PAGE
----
Eventually, she gave up on the idea of the surgery. “I wanted an easy fix, to undo the damage,” Karimjee says. “It sounds appealing. But at this point in my life I don’t know that it really is a quick fix.” It would take months for the skin to regrow, and it would be painful. “I don’t need any more pain.”

Bowers and Henning, both of whom perform the surgery primarily on patients from Clitoriad, agree that counseling is important, but believe the surgery is as well. The procedure is medically sound, Bowers says, but “the question is, psychologically, is it worthwhile? You don’t want to re-traumatize someone.” She recommends sex therapy to many of her patients after the surgery.

Henning believes that all people could benefit from sex therapy, “but that’s not criteria for surgery,” he says. “Most of these women have lived with this for many years. They have already had all the experiences they’re going to have with sexuality beforehand.”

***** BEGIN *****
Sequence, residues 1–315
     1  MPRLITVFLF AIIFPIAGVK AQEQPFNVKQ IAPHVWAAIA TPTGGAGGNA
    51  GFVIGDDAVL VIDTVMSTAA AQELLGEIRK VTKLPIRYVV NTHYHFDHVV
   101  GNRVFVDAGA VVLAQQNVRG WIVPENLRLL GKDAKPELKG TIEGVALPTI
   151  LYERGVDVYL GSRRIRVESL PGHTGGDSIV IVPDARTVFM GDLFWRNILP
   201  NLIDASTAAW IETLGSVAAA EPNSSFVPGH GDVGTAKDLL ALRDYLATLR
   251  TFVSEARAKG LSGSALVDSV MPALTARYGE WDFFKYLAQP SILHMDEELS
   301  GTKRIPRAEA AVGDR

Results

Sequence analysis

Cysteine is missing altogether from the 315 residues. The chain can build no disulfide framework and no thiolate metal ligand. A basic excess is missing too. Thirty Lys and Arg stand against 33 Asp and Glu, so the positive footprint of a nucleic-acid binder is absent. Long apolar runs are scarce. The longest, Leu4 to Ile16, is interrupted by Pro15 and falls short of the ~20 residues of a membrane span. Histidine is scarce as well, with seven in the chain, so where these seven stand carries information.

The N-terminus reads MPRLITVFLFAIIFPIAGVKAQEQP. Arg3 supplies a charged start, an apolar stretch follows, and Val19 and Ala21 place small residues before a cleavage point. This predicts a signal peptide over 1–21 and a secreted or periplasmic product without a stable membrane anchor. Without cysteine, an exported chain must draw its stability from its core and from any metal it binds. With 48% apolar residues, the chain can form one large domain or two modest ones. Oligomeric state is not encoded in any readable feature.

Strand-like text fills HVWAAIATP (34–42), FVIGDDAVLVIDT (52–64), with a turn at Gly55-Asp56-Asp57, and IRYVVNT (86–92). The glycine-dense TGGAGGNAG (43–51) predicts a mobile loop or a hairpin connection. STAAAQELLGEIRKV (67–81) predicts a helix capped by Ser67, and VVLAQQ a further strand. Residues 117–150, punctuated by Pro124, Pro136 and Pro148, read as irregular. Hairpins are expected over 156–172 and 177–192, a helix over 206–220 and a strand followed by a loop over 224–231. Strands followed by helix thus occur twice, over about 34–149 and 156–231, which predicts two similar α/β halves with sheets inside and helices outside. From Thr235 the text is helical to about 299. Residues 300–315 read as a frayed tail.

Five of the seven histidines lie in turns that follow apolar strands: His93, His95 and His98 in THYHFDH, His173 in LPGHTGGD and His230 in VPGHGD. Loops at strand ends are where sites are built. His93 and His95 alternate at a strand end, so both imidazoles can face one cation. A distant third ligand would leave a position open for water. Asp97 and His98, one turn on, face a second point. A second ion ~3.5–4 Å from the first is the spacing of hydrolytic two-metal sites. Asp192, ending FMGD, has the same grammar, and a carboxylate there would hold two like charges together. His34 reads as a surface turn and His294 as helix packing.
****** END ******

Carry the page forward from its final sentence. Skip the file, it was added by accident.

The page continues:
For her part, Bowers is disappointed by WHO’s cautionary approach in recommending the restoration procedure. “It does need to be evidence-based, there’s a healthy reason for that. But what they’ve said, that’s really misinformation. All it takes is to hear one personal account of someone having the first orgasm in their life to say there’s no more evidence needed. This works.”

There’s certainly no one-size-fits-all solution for how women deal with the effects of FGM. Karimjee plans to find a sex therapist—“I would rather figure out if there’s a psychological trauma, and do that hard work. Even if I had surgery I would probably need that,” she says.